Subsequently, newly acquired samples were integrated with the benchmark dataset which was used in several research works. A dataset formed with the number of 18747 samples, to reduce the similarity between the new and old samples a CD-HIT was used. After that, a new dataset of C. elegans prepared with a total of 17808 samples from which 11173 are 4mC samples and 6635 are non 4mC samples.

Table 1 Parameters of word2vec model which were used in training.

Distributed feature representation

The nature of raw genomic datasets is considered as complicated and noisy. With this necessity, we focused to apply the computational model for the instinctive feature representation learning approach on genomic data33. This method allows for inducing optimum features set and increases the performance of the computational model by reducing the model complexity.

Vector representation of words or word embedding is the most well-known technique in the natural language processing (NLP) operations. Theoretically, it transforms the 1-dimension per word into continuous N-dimension vectors. The first word2vec model was proposed by Mikolov et al.22 Based on a neural network, resultant outcomes possessed distributed characterize sentences of linguistic words. The aforementioned, technique was much faster than the preceding methods, to train the model for continuous vector space and lower the dimensions. In recent years, the success of NPL has been shown caused by its advantageous applications for instance speech recognition, language assist, and translation devices, which made substantial progression on the word embedding methods. Furthermore, researchers revealed that genetic data can be used as language whether DNA or RNA samples that occur within the structure of the cell34,35,36. Additionally, several biological related complex problems have been successfully demonstrated through NLP approaches25,26,27,28,37.

Corpus development is the first step for implementing the word2vec model, it divides the continuous biological sequence into k length (k-mer)38 of nucleotides groups to formulate as a word and identify linguistic associations among them. In this work, we have carried out the preprocessing to compose the text corpus from the C. elegans genome and then trained the word2vec model. We have produced the corpus by operating the whole C. elegans genome assembly (WBcel235/ce11) which is downloaded from

Firstly, the genome assembly was distributed into seven chromosomes (chrI, chrII, chrIII, chrIV, chrM, chrV, chrX) and then each chromosome split into the sequence of 41nt to shape the sentence. A continuous bag-of-words (CBOW) approach has been employed to train the word2vec model. CBOW determines the recent word w(t) by surrounds the context word based on predefined window size which was set as 5. A biological sequence which is mostly a combination of A, C, G, T nucleotides transforms into the sequence of words by setting the k-mer value. The k was set k = 3 with overlapping which forms a DNA sequence ACGTCAGT into words like ACG, CGT, GTC, TCA, CAG, AGT. Each 3-mer word is indicated by a 100-dimensional vector. We experimented with the word2vec model by different values of k-mer, such as k=2, k=3, k=4. Complete details of the parameters which were used are shown in Table 1.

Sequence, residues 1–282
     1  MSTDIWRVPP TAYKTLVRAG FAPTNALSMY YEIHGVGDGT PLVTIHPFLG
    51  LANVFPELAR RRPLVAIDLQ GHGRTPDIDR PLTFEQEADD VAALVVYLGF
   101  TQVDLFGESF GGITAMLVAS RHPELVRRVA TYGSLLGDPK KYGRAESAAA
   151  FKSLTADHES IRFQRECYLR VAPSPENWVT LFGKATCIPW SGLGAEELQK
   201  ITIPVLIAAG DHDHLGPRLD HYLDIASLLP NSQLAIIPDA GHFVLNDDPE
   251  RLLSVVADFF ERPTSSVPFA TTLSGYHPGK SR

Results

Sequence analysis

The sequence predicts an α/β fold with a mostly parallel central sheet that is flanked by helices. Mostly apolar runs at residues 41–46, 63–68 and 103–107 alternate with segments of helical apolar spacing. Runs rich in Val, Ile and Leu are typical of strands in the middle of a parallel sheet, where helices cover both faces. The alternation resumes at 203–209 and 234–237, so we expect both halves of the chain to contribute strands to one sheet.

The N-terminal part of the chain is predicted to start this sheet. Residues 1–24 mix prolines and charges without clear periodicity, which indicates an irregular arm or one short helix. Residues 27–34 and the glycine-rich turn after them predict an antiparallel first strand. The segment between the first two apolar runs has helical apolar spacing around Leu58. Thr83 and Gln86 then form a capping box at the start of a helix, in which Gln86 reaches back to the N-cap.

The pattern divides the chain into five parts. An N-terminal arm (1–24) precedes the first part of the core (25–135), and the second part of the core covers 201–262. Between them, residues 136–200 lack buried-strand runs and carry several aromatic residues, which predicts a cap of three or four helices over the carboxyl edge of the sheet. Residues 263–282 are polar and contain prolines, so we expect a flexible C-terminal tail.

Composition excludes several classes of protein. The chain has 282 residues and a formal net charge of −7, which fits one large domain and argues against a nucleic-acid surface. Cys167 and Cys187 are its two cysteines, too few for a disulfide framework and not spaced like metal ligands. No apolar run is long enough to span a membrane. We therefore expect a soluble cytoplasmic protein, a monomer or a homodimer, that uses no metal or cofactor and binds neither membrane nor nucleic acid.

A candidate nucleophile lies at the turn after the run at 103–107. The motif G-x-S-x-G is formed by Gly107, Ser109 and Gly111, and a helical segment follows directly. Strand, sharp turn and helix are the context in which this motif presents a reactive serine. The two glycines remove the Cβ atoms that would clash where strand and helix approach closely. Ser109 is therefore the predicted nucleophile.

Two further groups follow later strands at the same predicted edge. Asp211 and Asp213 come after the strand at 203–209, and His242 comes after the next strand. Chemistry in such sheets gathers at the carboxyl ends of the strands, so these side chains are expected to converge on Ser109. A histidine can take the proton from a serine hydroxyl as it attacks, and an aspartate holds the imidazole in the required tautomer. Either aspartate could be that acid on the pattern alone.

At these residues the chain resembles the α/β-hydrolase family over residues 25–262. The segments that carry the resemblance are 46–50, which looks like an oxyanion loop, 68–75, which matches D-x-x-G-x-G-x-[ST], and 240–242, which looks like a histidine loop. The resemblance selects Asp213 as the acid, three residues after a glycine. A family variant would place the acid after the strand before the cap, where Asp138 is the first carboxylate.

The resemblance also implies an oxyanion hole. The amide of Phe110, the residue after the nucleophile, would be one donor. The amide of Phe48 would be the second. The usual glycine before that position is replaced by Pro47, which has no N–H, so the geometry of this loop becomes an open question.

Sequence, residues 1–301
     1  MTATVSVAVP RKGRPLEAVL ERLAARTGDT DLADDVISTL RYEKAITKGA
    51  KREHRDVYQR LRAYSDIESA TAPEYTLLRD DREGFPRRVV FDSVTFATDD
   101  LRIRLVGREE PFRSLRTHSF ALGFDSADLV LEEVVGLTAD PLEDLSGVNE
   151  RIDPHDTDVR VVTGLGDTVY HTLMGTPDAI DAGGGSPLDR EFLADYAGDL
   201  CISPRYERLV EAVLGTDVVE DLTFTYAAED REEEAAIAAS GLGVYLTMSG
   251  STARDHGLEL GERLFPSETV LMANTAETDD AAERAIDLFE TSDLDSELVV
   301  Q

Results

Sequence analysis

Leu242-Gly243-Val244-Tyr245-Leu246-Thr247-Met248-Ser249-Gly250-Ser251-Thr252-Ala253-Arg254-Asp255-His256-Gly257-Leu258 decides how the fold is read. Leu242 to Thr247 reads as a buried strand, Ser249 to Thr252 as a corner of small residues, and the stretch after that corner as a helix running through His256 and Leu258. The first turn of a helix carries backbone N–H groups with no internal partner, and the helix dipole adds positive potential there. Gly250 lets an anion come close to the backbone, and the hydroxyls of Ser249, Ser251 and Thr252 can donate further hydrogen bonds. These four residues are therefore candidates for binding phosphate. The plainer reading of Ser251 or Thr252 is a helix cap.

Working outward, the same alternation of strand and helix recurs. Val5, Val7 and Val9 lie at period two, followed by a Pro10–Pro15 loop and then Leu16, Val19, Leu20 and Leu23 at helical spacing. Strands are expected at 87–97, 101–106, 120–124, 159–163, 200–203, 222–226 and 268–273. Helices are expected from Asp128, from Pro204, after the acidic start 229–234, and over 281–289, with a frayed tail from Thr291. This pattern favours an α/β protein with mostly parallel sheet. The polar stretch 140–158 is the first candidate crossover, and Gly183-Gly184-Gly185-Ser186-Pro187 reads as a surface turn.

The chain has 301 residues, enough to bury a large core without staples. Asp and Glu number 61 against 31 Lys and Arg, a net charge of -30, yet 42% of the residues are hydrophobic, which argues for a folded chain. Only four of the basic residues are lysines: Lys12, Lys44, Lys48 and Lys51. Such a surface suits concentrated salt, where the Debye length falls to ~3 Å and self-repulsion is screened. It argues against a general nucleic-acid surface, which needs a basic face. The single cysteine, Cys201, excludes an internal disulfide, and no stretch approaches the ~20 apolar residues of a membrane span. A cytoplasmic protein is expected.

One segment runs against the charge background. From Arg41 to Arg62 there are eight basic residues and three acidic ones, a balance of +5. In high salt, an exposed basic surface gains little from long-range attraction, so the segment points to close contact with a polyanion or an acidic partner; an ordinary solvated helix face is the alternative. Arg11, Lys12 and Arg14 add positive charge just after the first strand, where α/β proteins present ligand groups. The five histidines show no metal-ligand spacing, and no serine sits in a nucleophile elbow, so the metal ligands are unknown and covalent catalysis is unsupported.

The proposed model

In this work, adequate deep learning based CNN model was proposed for the prediction of N4-methylcytosine sites of the C. elegans genome. CNN has the capability to acquire leading quality features automatically for the classification prediction instead of manually handy crafted like traditional supervised learning methods. Whereas, an assorted CNN model can be made by using handcrafted features. Convolution Neural Network has been utilized in several research areas such as image processing39,40, natural language processing41, and computational biology42,43,44,45,46,47. A grid search algorithm was implemented with different hyper-parameters values to obtain the most optimal CNN model during its learning. The range of parameters is demonstrated in Table 2.

Table 2 Demonstration of hyper-parameter tuning of proposed model.
Figure 1
figure 1

Illustration of complete architecture of 4mCNLP-Deep.

In the proposed work, the word2vec feature representation was introduced which is completely different from previous works of N4-methylcytosine. A CNN based word2vec model trained on the optimum model which got from the grid search. The input of the model is \((L - k + 1) \times 100\), where L is the length of the input sequence, k is the value of k-mer and 100 is a dimensional vector for each word in the sequence sentence. The model contains three blocks and each has several layers with diverse parameter ranges to construct the model. Each block comprises a convolution layer (Conv1D) having parameters as a filter number with values of 32, 32, 16, respectively, kernel-size with values of 5, 5, 4, correspondingly and stride with the value of 1 for all. The convolution layer has capability to extract the features by self-activating for the appropriate input. In all the convolution layers, L2 regularization weights and bias used to assure the model by overfitting. The values of both regularizations were set as 0.0001, for all three Conv1D, an exponential linear unit (ELU) utilized as an activation function. Each block Conv1D was followed by a group normalization layer (GN), which condensed the consequences of convolution layers. GN distributes the feature map into the desired numbers of groups and normalizes them within each group. The number of groups was fixed as 4, 4, 2, respectively in each block. Moreover, a max-pooling layer (MaxPooling1D) was applied to minimize the dispensable features after the GN layer and avail to turn down the dimensionality of the features. The pool-sizes were set as 4, 4, 2, correspondingly, and strides were set as 2 for all max-pooling layers in each block. Right after MaxPooling1D, dropout layers were used to avoid the overfitting problem while training the model. It supports by turning off the operations of some hidden nodes by regulating the neurons to zero at the learning process.